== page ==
U.S.: Growing Waves of Collective Migrant Resistance

Hundreds launch hunger strike at immigrant detention center in Adelanto, Calif.

Kate Linthicum, Los Angeles Times, November 6, 2015

Immigrant advocates say hundreds of men have launched a hunger strike at an immigrant detention center in the high desert city of Adelanto, Calif., making it the fourth immigrant detention facility in the United States where protesting detainees have refused food in recent weeks.

Attorneys for some of the men and advocates with a detention center visitation group say more than 300 men stopped eating Oct. 30 to protest conditions at the center. They said another group of detainees joined them in the strike on Wednesday. Continue reading

Berkeley High Students Walk Out to Protest Racist Messages on Library Computer

Berkeley High School students including Nancy Nguyen (left), Berenabas Lukas (middle) and Simone Ewell Szabo (right) stage a walkout demonstration at Sproul plaza over a racist post on the school website in Berkeley, Calif., on Thursday, November 5, 2015. Photo: Liz Hafalia, The Chronicle

Berkeley High School students including Nancy Nguyen (left), Berenabas Lukas (middle) and Simone Ewell Szabo (right) stage a walkout demonstration at Sproul plaza over a racist post on the school website in Berkeley, Calif., on Thursday, November 5, 2015.

Student demonstrators at Sproul Plaza said they feel unsafe after racist and threatening messages toward African-Americans were left on a school library computer

Hundreds of Berkeley High School students walked out of class Thursday in protest of racist and threatening messages that showed up on one of the school’s library computers.

Throngs of students waving posters and bullhorns took to Milvia Street chanting “black lives matter” and “raise a fist if you’re not gonna take this” as they walked through Civic Center Park to Berkeley City Hall, demanding an investigation into the incident from school officials.  Continue reading

Making Do in the Belly of the Beast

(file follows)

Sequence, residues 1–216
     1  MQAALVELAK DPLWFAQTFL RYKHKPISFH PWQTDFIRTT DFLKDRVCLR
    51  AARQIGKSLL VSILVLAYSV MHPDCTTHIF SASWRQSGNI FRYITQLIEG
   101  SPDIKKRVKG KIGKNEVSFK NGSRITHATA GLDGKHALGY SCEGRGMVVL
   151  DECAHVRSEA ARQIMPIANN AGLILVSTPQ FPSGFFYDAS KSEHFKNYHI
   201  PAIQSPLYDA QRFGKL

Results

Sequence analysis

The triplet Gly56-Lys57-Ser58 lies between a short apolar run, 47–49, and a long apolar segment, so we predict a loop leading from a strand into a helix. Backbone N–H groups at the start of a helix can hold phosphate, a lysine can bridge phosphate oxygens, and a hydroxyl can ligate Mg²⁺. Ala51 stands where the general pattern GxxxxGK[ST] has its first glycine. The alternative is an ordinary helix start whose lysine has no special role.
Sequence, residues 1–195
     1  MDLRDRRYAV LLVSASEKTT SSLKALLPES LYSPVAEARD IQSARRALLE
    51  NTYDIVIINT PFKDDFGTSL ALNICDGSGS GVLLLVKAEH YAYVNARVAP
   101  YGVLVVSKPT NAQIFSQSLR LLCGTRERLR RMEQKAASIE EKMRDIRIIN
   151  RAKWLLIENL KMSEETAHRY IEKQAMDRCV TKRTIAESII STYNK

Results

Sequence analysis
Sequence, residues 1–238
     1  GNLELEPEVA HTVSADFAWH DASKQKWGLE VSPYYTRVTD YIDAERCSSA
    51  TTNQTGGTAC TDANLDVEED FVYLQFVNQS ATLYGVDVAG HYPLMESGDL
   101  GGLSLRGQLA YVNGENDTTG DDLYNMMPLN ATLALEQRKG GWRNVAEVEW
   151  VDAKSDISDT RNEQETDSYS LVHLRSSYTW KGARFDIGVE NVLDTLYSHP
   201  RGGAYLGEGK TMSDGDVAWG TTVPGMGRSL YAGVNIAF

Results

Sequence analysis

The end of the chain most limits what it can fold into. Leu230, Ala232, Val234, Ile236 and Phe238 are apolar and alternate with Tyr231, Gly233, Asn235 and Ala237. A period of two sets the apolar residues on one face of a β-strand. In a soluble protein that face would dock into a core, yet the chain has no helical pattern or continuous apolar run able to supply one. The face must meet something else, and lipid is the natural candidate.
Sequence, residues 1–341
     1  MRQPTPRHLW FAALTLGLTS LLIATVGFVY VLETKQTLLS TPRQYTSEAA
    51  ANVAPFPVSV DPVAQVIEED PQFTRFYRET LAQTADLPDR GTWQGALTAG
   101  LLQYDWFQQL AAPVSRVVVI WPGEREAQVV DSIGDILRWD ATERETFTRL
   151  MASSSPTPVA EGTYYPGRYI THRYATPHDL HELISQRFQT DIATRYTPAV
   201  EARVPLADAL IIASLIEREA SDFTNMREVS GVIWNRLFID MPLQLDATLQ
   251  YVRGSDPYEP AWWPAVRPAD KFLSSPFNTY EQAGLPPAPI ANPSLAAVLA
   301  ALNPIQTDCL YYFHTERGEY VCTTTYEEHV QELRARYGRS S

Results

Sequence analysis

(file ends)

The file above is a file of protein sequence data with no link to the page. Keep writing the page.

Thinking Outside the Box by Moving Into One

On a street in Oakland, Calif., a tiny home sits on wheels. The artist Gregory Kloehn, using recycled materials picked up from the streets, made several such homes and gave them to the homeless in the industrial neighborhood near the Port of Oakland.

OCT. 13, 2015 – nytimes.com

OAKLAND, Calif. — This summer, the median rent for a one-bedroom in San Francisco’s cityscape of peaked Victorians soared higher than Manhattan’s, sent skyward by a housing shortage fueled in part by the arrival of droves of newcomers here to mine tech gold.

And so, as the story of such cities goes, the priced-out move outward — in New York City, to Brooklyn and, increasingly, to Queens. For San Franciscans, the rent refuge is here in Oakland, where the rates are increasing as well — so much so that young professionals are living in repurposed shipping containers while the homeless are lugging around coffinlike sleeping boxes on wheels. Continue reading

On the Mass Political Movement Inside US Prisons

Pelican Bay Hunger Strike: Four years and still fighting

July 14, 2015, SF Bayview Newspaper

by Claude Marks and Isaac Ontiveros

Four years ago prisoners in California – led by those in the control units of Pelican Bay – organized a hunger strike to demand an end to the torturous conditions of solitary confinement. Two more strikes would follow, with over 30,000 prisoners taking united action in the summer of 2013 – both in isolation and in general population in nearly every California prison.

“Will You Stand Up and Let Your Voice Be Heard July 8th 2013?” – Art: Michael D. Russell

The strikes reflected significant shifts in political consciousness among prisoners and their loved ones. The violence of imprisonment was further exposed by demands and heightened organization from within the cages. Prisoner-led collective actions as well as growing public support dramatically have changed the political landscape.

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No Equality in Struggle for Basics

School Board Member Claims Hispanic Kids Don’t Need Air Conditioning

by William Bigelow, 8 Apr 2015
A recording of a school board meeting has gone viral after a Martinez school district school board member was recorded suggesting that a school largely comprised of low-income and Hispanic students could do without air conditioning while another school with mostly white, wealthier students should receive air conditioning.

Poll: Americans Starting to Worry About Climate Change Now That It Affects Their Lawns

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Under Fire, The Resistance in Palestine and in Diaspora Dispels Illusions, Gathers Force

[In California, several mass protests of the Israeli attack have grown in size and spirit, and sizable numbers of Palestinian youth have taken the lead.  The Arab Resource and Organizing Center has been an important part of these developments.  An AROC speaker at the July 26, 2014 demonstration in San Francisco detailed their views at this crucial juncture. — Frontlines ed.]